Dr. John Thompson offers some thoughts on the current difficult climate in Oklahoma for education and encourages teachers to both become more politically involved AND broaden their perspective.
Following the absurd last week of the 2017 regular legislative session, Oklahoma made the front page of The Washington Post for gutting education funding to the point where 96 of the state’s 513 school districts will be reducing the school week to four days. The Post reviews the sorry story of how Oklahoma has cut education spending more than any other state, driving it down 14 percent since 2008. Only three states spend less per student than we do.
Then, Governing Magazine featured the headline: “Nation’s Least-Funded Schools Get What They Pay for,” which starts its story on our education crisis: “Nowhere is the situation more dire than in Oklahoma.” Governing cites Moore Superintendent Robert Romines, who had to deal with the 2013 tornado, and explains, “Today, he is up against a subtler but deeply corrosive attack on his schools: death by a thousand spending cuts.”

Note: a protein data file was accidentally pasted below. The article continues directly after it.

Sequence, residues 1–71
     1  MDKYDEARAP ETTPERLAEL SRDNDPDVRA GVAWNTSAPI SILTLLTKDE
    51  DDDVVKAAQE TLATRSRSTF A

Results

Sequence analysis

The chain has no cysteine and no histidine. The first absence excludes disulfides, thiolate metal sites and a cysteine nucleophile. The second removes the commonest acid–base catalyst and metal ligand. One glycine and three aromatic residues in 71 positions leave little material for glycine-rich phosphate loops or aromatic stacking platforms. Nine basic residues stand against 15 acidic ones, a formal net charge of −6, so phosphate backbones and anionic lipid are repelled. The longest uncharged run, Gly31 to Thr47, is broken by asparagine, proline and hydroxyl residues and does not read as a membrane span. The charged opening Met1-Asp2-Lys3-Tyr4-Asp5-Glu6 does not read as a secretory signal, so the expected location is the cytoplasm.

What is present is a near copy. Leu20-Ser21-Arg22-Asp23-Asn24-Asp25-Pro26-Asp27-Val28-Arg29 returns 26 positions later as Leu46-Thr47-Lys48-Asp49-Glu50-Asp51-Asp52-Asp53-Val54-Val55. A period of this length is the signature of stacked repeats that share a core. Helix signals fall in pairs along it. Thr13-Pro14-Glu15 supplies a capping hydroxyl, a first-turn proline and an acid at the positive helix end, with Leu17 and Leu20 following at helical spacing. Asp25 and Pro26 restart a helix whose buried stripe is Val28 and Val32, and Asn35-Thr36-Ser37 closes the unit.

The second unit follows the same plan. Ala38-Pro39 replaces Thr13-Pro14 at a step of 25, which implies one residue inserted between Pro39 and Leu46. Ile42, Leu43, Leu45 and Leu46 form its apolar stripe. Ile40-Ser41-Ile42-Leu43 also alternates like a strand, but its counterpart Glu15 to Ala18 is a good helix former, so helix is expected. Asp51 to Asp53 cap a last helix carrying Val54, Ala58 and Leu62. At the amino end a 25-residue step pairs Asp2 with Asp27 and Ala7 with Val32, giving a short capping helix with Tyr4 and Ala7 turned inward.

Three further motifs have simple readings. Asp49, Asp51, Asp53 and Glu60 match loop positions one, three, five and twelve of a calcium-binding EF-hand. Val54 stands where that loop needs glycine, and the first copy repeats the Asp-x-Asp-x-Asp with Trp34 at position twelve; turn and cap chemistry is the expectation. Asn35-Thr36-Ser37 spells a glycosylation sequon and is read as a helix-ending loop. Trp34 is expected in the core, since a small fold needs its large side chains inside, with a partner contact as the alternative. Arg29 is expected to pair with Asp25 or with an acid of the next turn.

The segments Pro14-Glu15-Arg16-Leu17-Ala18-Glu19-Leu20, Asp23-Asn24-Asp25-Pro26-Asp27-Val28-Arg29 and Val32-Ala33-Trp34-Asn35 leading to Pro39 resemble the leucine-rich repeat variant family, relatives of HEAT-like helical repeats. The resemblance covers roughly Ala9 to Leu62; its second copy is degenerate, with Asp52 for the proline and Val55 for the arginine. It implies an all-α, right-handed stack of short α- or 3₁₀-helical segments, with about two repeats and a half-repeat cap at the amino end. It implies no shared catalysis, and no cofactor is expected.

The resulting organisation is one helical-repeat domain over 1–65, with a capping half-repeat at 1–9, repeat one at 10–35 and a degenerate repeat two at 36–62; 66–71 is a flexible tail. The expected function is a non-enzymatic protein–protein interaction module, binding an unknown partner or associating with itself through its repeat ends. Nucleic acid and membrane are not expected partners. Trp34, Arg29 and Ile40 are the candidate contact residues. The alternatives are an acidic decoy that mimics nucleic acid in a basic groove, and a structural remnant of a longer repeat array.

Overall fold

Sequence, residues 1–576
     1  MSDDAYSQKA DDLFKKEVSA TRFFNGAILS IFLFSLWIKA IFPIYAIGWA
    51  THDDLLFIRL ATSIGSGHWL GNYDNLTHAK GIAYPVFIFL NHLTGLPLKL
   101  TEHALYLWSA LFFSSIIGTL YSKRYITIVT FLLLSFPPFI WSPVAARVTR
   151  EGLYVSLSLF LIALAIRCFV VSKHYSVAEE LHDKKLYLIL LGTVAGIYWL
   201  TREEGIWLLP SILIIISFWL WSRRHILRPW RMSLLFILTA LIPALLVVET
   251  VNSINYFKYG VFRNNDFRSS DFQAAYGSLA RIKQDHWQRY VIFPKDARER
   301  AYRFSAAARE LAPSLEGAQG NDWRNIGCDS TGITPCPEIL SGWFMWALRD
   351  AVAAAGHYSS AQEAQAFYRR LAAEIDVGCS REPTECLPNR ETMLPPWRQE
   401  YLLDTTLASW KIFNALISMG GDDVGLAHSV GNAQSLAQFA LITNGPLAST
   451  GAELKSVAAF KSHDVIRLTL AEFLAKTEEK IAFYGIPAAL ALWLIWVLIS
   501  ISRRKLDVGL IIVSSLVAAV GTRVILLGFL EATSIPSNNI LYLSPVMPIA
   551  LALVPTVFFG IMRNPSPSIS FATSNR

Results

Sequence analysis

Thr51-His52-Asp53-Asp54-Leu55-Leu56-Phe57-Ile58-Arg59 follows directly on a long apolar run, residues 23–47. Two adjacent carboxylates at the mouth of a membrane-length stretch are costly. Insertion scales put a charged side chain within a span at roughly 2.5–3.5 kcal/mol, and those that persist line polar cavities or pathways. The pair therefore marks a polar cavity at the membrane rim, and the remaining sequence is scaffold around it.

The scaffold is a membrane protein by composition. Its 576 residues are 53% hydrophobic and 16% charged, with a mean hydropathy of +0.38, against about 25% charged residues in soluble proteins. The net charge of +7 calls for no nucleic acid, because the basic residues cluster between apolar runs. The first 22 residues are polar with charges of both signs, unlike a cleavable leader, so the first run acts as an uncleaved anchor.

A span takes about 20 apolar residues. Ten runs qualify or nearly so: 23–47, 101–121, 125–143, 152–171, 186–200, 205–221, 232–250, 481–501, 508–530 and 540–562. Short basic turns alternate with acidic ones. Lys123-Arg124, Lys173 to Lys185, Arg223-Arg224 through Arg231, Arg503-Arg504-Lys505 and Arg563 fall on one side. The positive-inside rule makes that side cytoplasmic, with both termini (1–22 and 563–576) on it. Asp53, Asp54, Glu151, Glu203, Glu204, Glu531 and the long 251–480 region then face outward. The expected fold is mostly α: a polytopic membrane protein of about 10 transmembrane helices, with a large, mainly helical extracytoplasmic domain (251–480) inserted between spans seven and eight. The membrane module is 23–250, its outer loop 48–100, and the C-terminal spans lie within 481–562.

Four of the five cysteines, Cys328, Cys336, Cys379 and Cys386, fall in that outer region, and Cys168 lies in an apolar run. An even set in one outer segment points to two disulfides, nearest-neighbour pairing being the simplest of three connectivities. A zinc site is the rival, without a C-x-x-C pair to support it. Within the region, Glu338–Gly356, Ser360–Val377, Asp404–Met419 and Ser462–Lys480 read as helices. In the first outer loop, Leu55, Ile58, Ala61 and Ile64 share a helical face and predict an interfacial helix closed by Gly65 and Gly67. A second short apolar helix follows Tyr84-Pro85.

And suggests teachers get involved in politics — not just for teaching or for schools, but to save Oklahoma’s communities:
In other words, educators won’t improve our profession or our schools until we widen our perspective. It’s great that we are finally getting more political in order to help our kids, but that is just a start. We must ramp up our political efforts to provide equal opportunities and justice for all.
Thompson issues a challenge — teacher involvement in politics is not only critical to preserving the profession and protecting schools, it is essential to preserving a way of life in Oklahoma.
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